Unfortunately after the transplant Ashling developed an EBV driven lymphoma which meant that she needed further treatment. This is a rare side effect of a transplant that can occur whilst on high levels of immunosuppression and if EBV is reactivated.
In this blog, she talks to Billie in patient services about meeting her German donor, Jan, for the first time.
Can you tell me about when you first decided to make contact with your donor?
I first decided I wanted to make contact with him the day I found out that I had a donor!
My medical team actually really struggled to find me a match as I have an unusual tissue type due to mixed heritage in my family, generations back. When they first told me I needed a transplant they checked my brother, who sadly wasn’t a match, but they said ‘it’s fine, you’re white and European, so we’ll be able to find a match easily for you.’ Then they ate their words!
Once my tissue type was analysed, it was more complex than they’d first thought. So the search went worldwide and they couldn’t find a 10/10 match and I started to worry.
One day, I was allowed out of hospital for a short while and I was having lunch with my mum by the canal when I got the call to tell me they’d found a good match in Germany. That is definitely up there as one of the best 3 days of my life! I found out that he was German and 26, and I decided then and there that if I made it through transplant and he was willing, I’d love to get to know him.
What was it like having direct contact with him for the first time?
I didn’t know what to say. It was around Christmas that I got a message from you guys with his email saying he wanted to be in direct contact. I burst into tears! My mum and I looked up his name on facebook to see if we could find out who he was, and two people came up. So I knew which one was him.
Having a face to go with the name of the person who is the reason I’m alive…there are no words to describe how that felt. I said thank you to him for giving me a chance at life, but said that thank you doesn’t seem enough. You say thank you five or six times a day to everybody for everything, but saving someone’s life is bigger! I was very conscious of not scaring him off by gushing at him in gratitude!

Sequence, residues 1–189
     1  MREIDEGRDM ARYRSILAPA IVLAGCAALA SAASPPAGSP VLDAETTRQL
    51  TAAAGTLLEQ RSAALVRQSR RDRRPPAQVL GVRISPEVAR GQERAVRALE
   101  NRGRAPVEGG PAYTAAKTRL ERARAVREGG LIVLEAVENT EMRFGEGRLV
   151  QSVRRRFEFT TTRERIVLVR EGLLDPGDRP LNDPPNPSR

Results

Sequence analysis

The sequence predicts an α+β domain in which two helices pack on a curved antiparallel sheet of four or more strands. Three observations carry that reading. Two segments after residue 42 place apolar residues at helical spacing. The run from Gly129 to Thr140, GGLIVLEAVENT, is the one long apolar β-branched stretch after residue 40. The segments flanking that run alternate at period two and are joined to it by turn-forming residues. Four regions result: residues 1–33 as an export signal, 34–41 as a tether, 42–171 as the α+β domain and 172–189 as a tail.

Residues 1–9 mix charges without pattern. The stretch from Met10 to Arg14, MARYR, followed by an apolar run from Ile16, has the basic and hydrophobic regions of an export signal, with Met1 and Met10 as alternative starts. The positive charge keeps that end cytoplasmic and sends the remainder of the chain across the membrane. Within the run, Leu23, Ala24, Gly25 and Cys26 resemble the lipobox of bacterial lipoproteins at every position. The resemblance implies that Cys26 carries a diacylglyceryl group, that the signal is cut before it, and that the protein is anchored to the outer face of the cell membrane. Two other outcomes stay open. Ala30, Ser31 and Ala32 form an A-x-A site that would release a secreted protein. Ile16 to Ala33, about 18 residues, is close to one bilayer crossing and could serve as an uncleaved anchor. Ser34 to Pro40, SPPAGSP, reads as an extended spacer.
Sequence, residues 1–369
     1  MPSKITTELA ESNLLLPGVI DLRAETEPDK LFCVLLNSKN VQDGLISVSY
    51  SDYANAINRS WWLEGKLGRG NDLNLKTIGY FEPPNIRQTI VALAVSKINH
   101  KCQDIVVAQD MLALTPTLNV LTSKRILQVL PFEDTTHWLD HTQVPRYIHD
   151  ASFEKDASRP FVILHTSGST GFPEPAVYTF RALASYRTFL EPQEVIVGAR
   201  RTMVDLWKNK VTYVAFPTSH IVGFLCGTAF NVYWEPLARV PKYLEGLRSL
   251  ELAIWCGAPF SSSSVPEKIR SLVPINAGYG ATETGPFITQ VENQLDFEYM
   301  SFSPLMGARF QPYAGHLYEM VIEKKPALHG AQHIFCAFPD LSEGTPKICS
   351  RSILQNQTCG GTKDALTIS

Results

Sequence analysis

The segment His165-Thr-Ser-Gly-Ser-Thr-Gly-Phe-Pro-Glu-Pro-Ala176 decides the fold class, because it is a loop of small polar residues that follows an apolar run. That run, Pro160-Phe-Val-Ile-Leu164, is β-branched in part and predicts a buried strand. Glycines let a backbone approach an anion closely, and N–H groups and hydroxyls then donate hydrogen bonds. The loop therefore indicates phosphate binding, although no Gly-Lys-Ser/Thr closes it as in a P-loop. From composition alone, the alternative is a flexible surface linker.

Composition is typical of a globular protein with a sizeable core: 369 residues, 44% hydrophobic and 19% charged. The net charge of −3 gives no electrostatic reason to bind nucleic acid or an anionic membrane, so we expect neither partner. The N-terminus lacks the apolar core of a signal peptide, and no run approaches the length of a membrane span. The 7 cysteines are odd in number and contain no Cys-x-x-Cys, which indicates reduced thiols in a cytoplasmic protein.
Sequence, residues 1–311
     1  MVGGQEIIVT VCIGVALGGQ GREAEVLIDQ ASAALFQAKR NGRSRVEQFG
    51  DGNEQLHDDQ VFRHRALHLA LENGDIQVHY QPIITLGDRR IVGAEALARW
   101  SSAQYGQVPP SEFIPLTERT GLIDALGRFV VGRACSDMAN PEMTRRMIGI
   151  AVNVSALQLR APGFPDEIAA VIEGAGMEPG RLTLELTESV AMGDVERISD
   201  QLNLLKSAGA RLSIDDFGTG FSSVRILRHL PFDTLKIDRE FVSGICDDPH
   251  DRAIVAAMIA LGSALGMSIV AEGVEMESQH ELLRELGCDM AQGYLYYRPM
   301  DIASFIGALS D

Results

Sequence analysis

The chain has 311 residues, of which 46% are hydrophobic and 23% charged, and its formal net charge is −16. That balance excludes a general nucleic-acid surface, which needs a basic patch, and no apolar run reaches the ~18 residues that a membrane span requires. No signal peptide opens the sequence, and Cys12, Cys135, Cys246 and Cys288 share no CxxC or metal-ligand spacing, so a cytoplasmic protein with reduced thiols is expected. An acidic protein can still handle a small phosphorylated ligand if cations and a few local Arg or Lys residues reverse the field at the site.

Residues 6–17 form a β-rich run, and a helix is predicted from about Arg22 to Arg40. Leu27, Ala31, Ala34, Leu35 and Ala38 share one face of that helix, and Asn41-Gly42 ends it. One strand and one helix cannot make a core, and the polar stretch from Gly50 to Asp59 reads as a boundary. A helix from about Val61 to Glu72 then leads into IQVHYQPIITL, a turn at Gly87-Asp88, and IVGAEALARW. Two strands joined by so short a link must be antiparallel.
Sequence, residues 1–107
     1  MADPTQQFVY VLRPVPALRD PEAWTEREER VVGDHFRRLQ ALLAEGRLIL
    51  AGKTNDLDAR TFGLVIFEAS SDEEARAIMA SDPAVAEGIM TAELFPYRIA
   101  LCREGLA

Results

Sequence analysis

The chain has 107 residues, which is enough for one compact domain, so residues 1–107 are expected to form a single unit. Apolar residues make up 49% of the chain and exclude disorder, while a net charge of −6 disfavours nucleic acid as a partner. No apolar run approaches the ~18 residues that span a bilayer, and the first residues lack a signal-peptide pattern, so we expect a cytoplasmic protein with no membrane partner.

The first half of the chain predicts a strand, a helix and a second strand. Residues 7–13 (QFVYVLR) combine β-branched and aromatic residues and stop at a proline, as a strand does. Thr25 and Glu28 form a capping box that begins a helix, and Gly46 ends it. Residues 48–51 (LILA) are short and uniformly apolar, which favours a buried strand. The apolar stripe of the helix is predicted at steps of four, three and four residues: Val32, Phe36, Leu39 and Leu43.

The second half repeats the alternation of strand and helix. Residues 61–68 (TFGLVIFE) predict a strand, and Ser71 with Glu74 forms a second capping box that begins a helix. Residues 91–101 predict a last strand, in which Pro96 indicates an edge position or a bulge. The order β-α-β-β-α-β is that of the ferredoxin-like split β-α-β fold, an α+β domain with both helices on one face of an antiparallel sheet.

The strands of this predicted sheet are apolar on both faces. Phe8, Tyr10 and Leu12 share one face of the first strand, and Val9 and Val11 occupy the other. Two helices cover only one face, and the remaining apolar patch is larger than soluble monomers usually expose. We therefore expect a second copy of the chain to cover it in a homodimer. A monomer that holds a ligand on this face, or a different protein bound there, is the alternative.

It definitely sounds like you always wanted to contact him. Did the complications in your recovery, such as having a second cancer, affect how you felt about meeting him?
That’s an interesting question. It hasn’t affected my wanting to meet him at all, but it was certainly different to how I thought it would be in my mind. Back in 2012, I thought if I ever meet this guy, it’s going to be the happiest experience ever. I had big expectations.
But I felt sad going to Germany, as well as feeling incredibly grateful. I have been feeling very down recently, I’m fortunate not to have suffered with depression in the past, but all through October I felt kind of dull and grey. So I was in a different mood than I expected I would be in the lead up to meeting Jan.
How did you feel in the lead up to meeting him face-to-face?
Apprehensive! Which was weird as we’ve been in contact since 2014, although Jan doesn’t speak much English and I’m rubbish at German.
My boyfriend Rob and I arrived in Cologne, and then we made our way down to Dörth to meet Jan and his family. It was his sister’s 30th birthday party and that’s what they invited me to. He had texted me a couple of times enroute asking when I was arriving, and he told me he’d be waiting in the kitchen for me when I got there.
And what was it like when you met him?
As we drove to his sister’s house, I started to feel a bit sick, just out of nerves. And when we got to the door, he opened it! Which kind of shocked me as he said he’d be in the kitchen! We had the biggest hug, it lasted about three minutes. Then he cried on me, which set me off too.
It was very special. I said thank you and he said something German which I didn’t understand. But I think it was “you’re welcome”. He was a great hugger. Although it was funny, as he is like 6’2 and I’m a total shorty so he had to bend right over!
I then hugged his brother and his mum (who was also crying), who told me I was so welcome and that they were happy to have me there, and his sister – the whole family were so welcoming, his kids too! It was lovely.
What was Jan like, was there someone there who spoke English who could translate?
Yeah there was. Like I said, it was his sister’s birthday party, so I decided to really chat to Jan the day after when we could talk properly.
He is very gentle and kind. He has such a smiley happy face. Who he is really shines through his face. I asked him why he wanted to donate and he said that he was told there was a lady called Ashling who needed help to save her life, and he said he wanted to give someone like me the chance of a future.
Did he talk about why he signed up to the register in the first place?
He mentioned that someone came to speak in his school when he was younger, and that he had discovered he had a rare blood type. This made him want to help others, donate blood and join the register.
I think I know the answer to this question, but are you glad you’ve met the man who saved your life?
Nah, I wish I hadn’t bothered! (Laughing)
Absolutely. There’s no way to do justice to how good it felt. It’s given me a bit of a reboot. It really was the trip of a lifetime, and we are going back to stay with his mum next year and we’ve invited them to visit too.